Meaningful Distinctions

:: history, constructions

By: Ben Greenman

“Meaningful distinctions deserve to be maintained.” — Errett A. Bishop

Likewise, memorable quotations deserve to be read in context. In this spirit, I am happy to present the above “basic principle” in its context: Schizophrenia in contemporary mathematics (pdf)

Read on for a brief summary.

I first read the above quotation in Michael Beeson’s introduction to the 2012 edition of Bishop’s Foundations of Constructive Analysis. That was two years ago.

Last month, I tried to find its context. Many other uses of the quote cited a Schizophrenia in comtemporary mathematics, but I could not find an electronic copy. (It turns out, the AMS Bookstore page for Erret Bishop: Reflections on Him and His Research includes a facsimile.)

Lest anyone else be tempted to conjure the ancient magic of inter-library loan, here is a scan of the pages I borrowed. Thanks to the University of Toledo for supplying the hard copy.

The document is Bishop’s “feeling for the philosophical issues involved” in constructive mathematics. First, Bishop lists “schizophrenic attributes” (trouble spots) of contemporary mathematics. Next, he gives basic principles of constructivism and Brouwer’s interpretation of the logical quantifiers. Along the way, and as a source of examples, Bishop describes integers, sets, and real numbers. The emphasis is always on common-sense meaning and finite constructions.

After a brief summary and reflection, the last ten pages list recent advances in constructive mathematics and upcoming tasks. The open tasks are particularly interesting:

  • systematically develop (constructive) algebra
  • give a constructive foundation for general topology
  • engage with the deeper “meaning of mathematics”

The popular quote on “Meaningful Distinctions” appears early in the paper, as one of Bishop’s four principles that “stand out as basic” to the philosophy of constructivism:

A. Mathematics is common sense.

B. Do not ask whether a statement is true until you know what it means.

C. A proof is any completely convincing argument.

D. Meaningful distinctions deserve to be maintained.

I had no idea that D was “a principle”, or that it had three siblings.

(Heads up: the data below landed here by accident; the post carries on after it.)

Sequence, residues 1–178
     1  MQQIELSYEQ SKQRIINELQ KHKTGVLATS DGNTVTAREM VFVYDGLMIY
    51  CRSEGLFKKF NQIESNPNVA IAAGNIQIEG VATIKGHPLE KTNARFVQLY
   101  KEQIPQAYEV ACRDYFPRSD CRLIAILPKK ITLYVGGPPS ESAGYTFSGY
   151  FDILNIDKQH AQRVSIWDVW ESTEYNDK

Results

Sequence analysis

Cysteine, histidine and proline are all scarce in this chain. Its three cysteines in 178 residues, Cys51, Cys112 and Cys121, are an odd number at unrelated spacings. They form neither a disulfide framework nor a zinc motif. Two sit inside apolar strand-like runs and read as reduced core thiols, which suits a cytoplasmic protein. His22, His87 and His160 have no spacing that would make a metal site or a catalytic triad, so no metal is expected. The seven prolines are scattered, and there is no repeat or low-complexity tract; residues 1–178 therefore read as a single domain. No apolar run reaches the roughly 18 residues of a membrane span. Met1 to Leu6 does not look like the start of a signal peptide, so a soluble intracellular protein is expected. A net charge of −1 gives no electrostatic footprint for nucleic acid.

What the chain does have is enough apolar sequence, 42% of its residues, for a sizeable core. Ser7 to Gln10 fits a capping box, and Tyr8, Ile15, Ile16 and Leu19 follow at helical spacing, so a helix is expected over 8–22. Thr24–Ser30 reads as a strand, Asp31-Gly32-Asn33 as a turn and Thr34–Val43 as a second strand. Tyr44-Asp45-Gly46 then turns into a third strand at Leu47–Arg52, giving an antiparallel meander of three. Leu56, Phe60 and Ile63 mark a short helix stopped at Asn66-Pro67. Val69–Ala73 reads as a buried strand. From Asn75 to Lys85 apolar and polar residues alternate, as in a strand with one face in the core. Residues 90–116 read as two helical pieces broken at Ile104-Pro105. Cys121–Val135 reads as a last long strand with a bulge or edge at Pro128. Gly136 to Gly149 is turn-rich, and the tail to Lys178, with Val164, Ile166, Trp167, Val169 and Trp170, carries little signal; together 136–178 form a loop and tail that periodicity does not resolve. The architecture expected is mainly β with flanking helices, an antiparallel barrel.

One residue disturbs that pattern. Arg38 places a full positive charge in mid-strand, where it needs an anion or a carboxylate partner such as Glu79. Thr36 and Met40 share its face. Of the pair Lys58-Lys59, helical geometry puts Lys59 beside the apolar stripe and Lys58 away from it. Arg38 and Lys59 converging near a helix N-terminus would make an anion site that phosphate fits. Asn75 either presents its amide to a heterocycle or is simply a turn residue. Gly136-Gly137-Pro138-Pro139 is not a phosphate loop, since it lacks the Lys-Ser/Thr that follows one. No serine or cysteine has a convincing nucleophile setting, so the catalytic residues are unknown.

To further tempt you into reading the whole truth, here are some of my favorite phrases:

  • One suspects that the majority of pure mathematicians … ignore as much content as they possibly can.
  • We have geared ourselves to producing research mathematicians who will begin to write papers as soon as possible. This anti-social and anti-intellectual process defeats even its own narrow ends.
  • … truth is not a source of trouble to the constructivist, because of his emphasis on meaning.
  • … guided primarily by considerations of content rather than elegance and formal attractiveness …
  • Let me tell you what a smart sequence will do.
  • Classical mathematics fails to observe meaningful distinctions having to do with integers.
  • Constructive mathematics does not postulate a pre-existent universe, with objects lying around waiting to be collected and grouped into sets, like shells on a beach.
  • It might be worthwhile to investigate the possibility that constructive mathematics would afford a solid philosophical basis for the theory of computation …
  • … if the product of two real numbers is 0, we are not entitled to conclude that one of them is 0.
  • It is fair to say that almost nobody finds his proof intelligible.
  • Mathematics is such a complicated activity that disagreements are bound to arise.
  • Algebraic topology, at least on the elementary level, should not be too difficult to constructivize.
  • I hope all this accords with your common sense, as it does with mine.

Now go find their context!